Hot days, cool yoga

Hot summer days can make us feel tired and bothered: we end up sweaty, with flushed cheeks and heavy legs, exhausted at the end of the day. This is the result of our body working hard to keep its temperature and internal conditions in equilibrium. Our body is trying to keep cool by raising the heart rate, dilating blood vessels and sweating: the dilated blood vessels bring more blood nearer the skin so it can cool down as the sweat evaporates. Help your body by staying as cool as possible and by drinking plenty of water. You can also try these ‘hot days, cool yoga’ tips: a breathing technique that can help you feel cooler and a yoga position that is a miracle cure for heavy legs.

Shitali – cooling breath

This simple breathing technique is worth trying for its amazing cooling effect. You don’t have to do it for a long time. Practise it first where you have some privacy and soon you will be able to do it almost unnoticed.

The traditional technique looks a little funny, as it requires you to curl the tongue and breathe in through this straw-like structure. The idea is to increase the tongue’s surface that touches the colder outside air. So curl your tongue and try breathing in through your mouth. Breathe out through the nose. Repeat 6-12 times, breathing slowly. Then breathe normally and notice the effect.

Once you have mastered the technique, you can keep the tongue slightly curled or even flat inside the mouth: the only thing to do for the cooling effect is again to maximise the area of your tongue that is touched by air. Normally, when we breathe in through the mouth, the air only touches the back of the tongue. Try to lift the front of your tongue for the cooling effect.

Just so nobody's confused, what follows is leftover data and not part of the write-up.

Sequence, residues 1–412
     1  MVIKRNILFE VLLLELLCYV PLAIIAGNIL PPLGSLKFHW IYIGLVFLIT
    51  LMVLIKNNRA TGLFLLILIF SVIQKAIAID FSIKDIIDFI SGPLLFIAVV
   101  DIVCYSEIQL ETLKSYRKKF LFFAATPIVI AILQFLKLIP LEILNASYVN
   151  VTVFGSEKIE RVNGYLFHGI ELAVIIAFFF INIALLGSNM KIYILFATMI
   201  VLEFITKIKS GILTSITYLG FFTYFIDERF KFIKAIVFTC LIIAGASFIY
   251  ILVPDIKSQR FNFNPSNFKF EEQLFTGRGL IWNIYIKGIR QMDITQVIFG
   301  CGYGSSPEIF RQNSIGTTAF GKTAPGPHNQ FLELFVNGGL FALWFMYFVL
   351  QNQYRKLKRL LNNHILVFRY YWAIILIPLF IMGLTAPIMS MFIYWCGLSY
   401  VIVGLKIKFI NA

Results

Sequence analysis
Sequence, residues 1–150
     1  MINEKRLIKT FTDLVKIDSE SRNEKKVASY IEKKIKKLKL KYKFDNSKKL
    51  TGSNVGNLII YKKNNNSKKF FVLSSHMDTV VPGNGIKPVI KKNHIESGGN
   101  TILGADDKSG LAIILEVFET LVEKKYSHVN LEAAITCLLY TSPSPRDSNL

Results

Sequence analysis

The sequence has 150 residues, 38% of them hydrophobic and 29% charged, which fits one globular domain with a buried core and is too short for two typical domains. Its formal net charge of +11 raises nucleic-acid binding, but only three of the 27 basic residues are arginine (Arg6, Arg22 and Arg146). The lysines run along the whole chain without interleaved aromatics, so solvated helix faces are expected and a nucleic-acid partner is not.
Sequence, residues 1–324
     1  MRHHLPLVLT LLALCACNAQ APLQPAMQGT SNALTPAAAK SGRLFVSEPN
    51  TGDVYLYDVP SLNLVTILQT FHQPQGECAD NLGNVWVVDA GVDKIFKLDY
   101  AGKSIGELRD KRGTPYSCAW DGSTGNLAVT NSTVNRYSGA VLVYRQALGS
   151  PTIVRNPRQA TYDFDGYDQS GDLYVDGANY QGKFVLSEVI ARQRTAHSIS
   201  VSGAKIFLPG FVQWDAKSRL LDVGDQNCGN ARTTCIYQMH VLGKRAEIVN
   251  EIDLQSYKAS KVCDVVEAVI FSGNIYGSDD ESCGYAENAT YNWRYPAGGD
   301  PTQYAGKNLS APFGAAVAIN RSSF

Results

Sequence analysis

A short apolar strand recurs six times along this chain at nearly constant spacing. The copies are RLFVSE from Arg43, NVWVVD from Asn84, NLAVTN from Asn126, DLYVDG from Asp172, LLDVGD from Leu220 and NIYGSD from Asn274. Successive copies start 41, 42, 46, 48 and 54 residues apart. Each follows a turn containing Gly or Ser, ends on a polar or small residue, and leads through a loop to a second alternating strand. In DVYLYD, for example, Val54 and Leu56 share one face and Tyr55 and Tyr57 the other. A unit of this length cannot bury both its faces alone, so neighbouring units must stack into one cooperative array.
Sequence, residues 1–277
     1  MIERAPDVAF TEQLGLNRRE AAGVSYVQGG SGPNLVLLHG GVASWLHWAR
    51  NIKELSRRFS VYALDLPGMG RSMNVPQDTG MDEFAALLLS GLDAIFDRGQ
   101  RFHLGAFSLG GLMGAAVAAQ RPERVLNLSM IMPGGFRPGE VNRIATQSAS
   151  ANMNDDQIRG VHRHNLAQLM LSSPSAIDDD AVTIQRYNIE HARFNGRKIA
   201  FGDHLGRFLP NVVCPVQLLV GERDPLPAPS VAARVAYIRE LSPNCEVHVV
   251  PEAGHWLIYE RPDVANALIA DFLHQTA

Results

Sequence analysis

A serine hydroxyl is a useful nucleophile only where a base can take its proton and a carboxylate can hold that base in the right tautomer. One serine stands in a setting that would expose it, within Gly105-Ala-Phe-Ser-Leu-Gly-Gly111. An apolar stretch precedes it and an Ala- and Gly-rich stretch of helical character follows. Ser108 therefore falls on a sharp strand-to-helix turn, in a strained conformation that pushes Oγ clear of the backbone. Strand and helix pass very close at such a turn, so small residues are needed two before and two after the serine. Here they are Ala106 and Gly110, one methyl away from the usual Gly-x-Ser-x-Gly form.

Do this breathing technique occasionally when you feel hot, but breathe in and out through the nose at other times.

Heavy legs

Our legs can feel heavy at the end of a hot day because of the blood vessel enlargement or “vasodilation” that aims to cool the body. You may have felt the same vasodilation in your hands while on a walk in hot weather. Without knowing why, you probably raised your hands with the fingers pointing up to help the blood circulation.

For some people the increase of blood in the veins doesn’t return as easily to the heart. Our veins have small valves that prevent the blood from flowing backward, but for some people the walls are stretched and the valves weakened (causing varicose veins). For them, the heavy sensation in the legs may be even more pronounced in summer. If this is you, avoid sitting or standing too long, include enough exercise in your day, keep cool and elevate your legs. The following position reverses gravity and is a relief for any legs. You don’t need to have varicose veins or even heavy legs to enjoy this soothing and relaxing position.

Legs up the wall pose

How close you lie to the wall will depend on your hamstrings. This position has to be comfortable on the back of the legs, like a nice stretch, not an excruciating one. Only a comfortable feeling will relax the body and lengthen the back of your legs.

– If your hamstrings are quite flexible, you can lie very close to the wall so that your legs are at a 90-degree angle to your body. Place yourself sideways next to the wall and swing both legs up, coming to lie on your back.

– If your hamstrings are not so flexible you can start by lying further away from the wall.

– Relax your arms to the side; 45 degrees away from the body tends to be most relaxing for the shoulders.

– Keep your attention on your breath and on relaxing the whole back, shoulders and neck. If your neck feels tight, place a low pillow under your head.

– Hold for about 10 minutes if comfortable.

– To come out of the position, bend your legs and roll over to the side. Push yourself up with one arm.

The variations below can be used when your legs start to tingle or tire, but also simply as variations to stretch different parts of your legs.

Variation 1: straight legs out to the side

Variation 2: soles of the feet together

Namaste, stay cool!

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